And, just one more for the purpose of this sermon, peace can also refer to being in a right relationship with God, being at peace with God. Of course, this is the general message of Christ in his teachings. Being in a relationship with God is a two way thing, working to love God above all else and to do God’s will is one side; and trusting, believing, knowing that God loves us is the other side.


These are only 4 facets of peace; each of those could be cut into many more parts, adding much more brilliance to the gem!

Even though I feel certain I haven’t taught you anything you don’t already know I hope I at least have you thinking about the meanings of peace right now, in this moment, for that’s where we begin if we want to bring peace on earth; we start by thinking about it. And that’s what I was doing out in the woods all alone; I was thinking about peace. More specifically, I was thinking about my own lack of peace.

You see, my epiphany didn’t come by way of thinking about the multiple meanings of peace; and it wasn’t through thinking about peace on earth by any definition. The line in the song I was singing that opened my eyes wasn’t “Let there be peace on earth”; it was the one that reads “and Let it begin with me”.

Dwelling on that one phrase for quite some time, (I had a lot of time on my hands), I thought about how I even begin to bring peace on earth.

Of course I considered how being a nonviolent person helps; but then I realized that there are still millions of people in the world who will override any good that does. And I thought about how getting away from the busyness of life brings peace; but life does happen; it must go on; we can’t all sit alone in the woods 24/7. What kind of life would that be? And, as far as stressing over what I’m going to eat or wear, well, I think I have that down quite well for myself, but how do I get that across to the rest of the world? Where do I begin? And then, the part about being in a right relationship with God! Now that I am quite confident in! No, I’m not trying to tell you I’m perfect and I’m not so delusional as to believe that myself. But I am confident that God loves me even with my flaws.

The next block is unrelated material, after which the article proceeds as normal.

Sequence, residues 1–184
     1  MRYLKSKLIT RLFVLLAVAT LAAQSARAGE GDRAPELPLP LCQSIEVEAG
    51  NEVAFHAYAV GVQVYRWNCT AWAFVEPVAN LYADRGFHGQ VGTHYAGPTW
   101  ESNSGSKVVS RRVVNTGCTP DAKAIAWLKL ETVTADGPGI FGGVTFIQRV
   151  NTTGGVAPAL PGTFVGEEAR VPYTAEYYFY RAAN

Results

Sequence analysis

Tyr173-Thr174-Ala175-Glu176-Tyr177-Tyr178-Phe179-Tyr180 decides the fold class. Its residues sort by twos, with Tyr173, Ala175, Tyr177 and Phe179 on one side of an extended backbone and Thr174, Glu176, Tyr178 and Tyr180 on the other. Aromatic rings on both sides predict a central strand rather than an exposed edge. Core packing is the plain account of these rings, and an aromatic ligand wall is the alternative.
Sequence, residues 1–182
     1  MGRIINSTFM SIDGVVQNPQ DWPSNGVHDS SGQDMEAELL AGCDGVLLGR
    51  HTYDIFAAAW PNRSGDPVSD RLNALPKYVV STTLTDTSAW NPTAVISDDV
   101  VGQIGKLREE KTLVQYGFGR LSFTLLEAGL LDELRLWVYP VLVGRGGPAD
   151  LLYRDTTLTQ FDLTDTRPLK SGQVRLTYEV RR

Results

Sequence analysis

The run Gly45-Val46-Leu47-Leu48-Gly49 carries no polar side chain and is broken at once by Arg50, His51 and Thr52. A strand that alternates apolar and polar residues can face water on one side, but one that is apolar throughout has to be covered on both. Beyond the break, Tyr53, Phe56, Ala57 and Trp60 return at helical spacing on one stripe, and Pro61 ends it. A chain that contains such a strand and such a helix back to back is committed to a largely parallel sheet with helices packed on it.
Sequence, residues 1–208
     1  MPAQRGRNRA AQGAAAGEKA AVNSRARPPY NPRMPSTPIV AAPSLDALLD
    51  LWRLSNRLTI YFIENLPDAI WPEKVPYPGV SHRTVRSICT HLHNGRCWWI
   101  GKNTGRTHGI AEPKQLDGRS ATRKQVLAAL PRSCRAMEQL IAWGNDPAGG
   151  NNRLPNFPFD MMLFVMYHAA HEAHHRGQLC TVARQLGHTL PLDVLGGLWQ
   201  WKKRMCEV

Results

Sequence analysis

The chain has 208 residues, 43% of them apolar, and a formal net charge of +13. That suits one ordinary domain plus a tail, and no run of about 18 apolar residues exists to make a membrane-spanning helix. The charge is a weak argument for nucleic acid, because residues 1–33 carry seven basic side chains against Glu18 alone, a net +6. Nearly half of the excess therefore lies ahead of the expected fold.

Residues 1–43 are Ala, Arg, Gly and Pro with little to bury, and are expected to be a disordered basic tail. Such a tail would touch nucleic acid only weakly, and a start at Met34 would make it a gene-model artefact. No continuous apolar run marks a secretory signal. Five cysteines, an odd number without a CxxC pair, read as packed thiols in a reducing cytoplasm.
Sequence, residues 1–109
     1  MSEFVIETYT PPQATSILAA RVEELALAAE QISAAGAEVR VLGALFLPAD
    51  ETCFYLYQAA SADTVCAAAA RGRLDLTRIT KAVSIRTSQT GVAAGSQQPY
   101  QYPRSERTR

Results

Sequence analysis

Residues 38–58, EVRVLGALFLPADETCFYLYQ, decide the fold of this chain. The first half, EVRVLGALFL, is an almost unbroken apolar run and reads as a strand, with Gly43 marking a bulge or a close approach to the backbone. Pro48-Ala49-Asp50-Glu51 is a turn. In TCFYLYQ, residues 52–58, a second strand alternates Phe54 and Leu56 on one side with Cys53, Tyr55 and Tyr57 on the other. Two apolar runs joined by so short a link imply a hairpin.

Still thinking it through, still trying to figure out what I was missing, I sang the words again, “Let there be peace on earth and let it begin with me.”  “…and let it begin with me.”

Then it hit me; my epiphany! How can I help God bring peace on earth… in all its forms… if I, myself, am not at peace within?

The short answer is… I cannot. Peace on earth cannot “begin with me” until it has begun with-in me!

This sudden awareness was triple. First: recognizing the need for inner peace as a prerequisite for building peace beyond myself. Second: recognizing that I wasn’t at peace within. And third: recognizing why I wasn’t at peace within myself.

The latter goes back to a point before this story begins, at least a week before. What I realized was that in the busyness of life in general, plus the Thanksgiving Holiday, plus the busyness of Christmas fast approaching, plus the busyness of preparing to take a few days off… I neglected to spend sufficient time with God in prayer. These are not valid reasons for not taking the time with God, they are poor excuses.

You see by now, I hope, how this all came about. I was extra busy, I neglected my prayer time, and in so doing I unconsciously allowed all those thoughts; the good, the bad, and the ugly; to build up within. When I finally did take the time, they all came flooding out; interrupting my peace on the surface as they had been subliminally for days and days on end.


What I learned (or perhaps re-learned), and what I hope I am conveying to you, is the importance of keeping our priorities in order and making time with God a top priority. In doing so we can let out and let go of all the junk within us; the good, the bad, and the ugly; all the things we suppress and neglect, and make room for God’s peace, in all its forms, to come inside. Then, and only then; once we have that peace within us; can we do our part in spreading that peace to the rest of the world. When we say “Let there be peace on earth and let it begin with me”, we must be thinking “…let it begin within me”.